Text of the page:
Dear Mrs Irwin,

I have now consulted my colleagues at our Head Office in view of the
attachments regarding DEFRAs proposals. We can make the following response;

Under Waste Strategy 2000, the Government has strict targets to meet for the
recycling or composting of domestic waste.  By 2005, 25% of all household
waste must be recycled or composted.  Under the EU Landfill Directive, the
UK also has to meet targets for the reduction of biodegradable municipal
waste sent for landfill.  By 2020 the amount of biodegradable municipal
waste sent for landfill must be reduced to 35% of its 1995 level.
Composting and biogas digestion are seen as vital tools for achieving these

Under the Animal By-Products Order 1999 (as amended) it is an offence to
allow livestock and birds access to catering waste containing meat or
products of animal origin, or catering waste which originates from a
premises on which meat or products of animal origin are handled.

The new EU Animal By-Products Regulation (expected to come into force in
spring 2003) will permit the use of composting and biogas treatments for
catering waste and low-risk animal by-products.  Animal by-products must be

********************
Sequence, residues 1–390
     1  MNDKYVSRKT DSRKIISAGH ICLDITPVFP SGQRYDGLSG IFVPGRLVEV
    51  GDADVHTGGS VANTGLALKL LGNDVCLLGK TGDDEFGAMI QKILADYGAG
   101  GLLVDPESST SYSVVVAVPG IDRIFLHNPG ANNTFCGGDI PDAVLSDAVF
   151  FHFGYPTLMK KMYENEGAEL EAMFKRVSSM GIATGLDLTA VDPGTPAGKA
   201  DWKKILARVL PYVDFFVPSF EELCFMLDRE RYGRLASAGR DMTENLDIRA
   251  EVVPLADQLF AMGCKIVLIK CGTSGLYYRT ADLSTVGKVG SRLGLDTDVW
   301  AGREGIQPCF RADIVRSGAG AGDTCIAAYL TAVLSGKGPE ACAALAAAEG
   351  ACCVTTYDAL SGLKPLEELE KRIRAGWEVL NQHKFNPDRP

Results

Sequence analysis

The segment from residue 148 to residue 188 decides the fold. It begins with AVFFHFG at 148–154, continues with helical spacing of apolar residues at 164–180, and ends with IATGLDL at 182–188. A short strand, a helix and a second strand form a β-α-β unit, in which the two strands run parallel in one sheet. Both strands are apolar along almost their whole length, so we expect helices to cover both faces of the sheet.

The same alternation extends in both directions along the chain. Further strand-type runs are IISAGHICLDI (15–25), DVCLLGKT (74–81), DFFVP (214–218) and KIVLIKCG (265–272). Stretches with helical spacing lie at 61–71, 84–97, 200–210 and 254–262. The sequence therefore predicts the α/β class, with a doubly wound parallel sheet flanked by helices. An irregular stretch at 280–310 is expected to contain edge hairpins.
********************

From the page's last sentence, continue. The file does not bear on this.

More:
treated to the EU standard, which is 700C for 1 hour.  However, for plants
which process only catering waste (not animal by-products), the Regulation
allows Member States to specify their own standards at national level,
provided that these standards guarantee an equivalent level of pathogen

To this end DEFRA commissioned a risk assessment examining the risks to
public and animal health from the use of catering waste in composting and
biogas treatment processes.  The risk assessment (available from the DEFRA
website) makes recommendations on alternative treatment standards which are
at least as effective as the EU standard.

DEFRA are now looking to amend the Animal By-Products Order 1999 to permit
the treatment of catering waste in composting and biogas plants. We might
expect amongst other controls that strict treatment standards will be
applied to the treatment process, that treatment will only be permitted in
closed or in-vessel composting systems and restrictions put upon subsequent
use of the material. The direct landspread of untreated catering waste to
which livestock will have access will continue to be illegal.

The State Veterinary Service (SVS) and Local Authorities regulate the Order.
Accordingly any such new treatment controls will be regulated by an approval
issued by the SVS which will be in addition to any waste management
authorisation regulated by the Environment Agency

A public consultation on the new proposals is expected from DEFRA shortly.
All interested parties should make use of this opportunity to make DEFRA
aware of their views and comments. I will forward your message and my reply
to contacts in DEFRA so that they are aware of your concerns.

Yours sincerely

Geoff Bateman
Area Manager (Devon)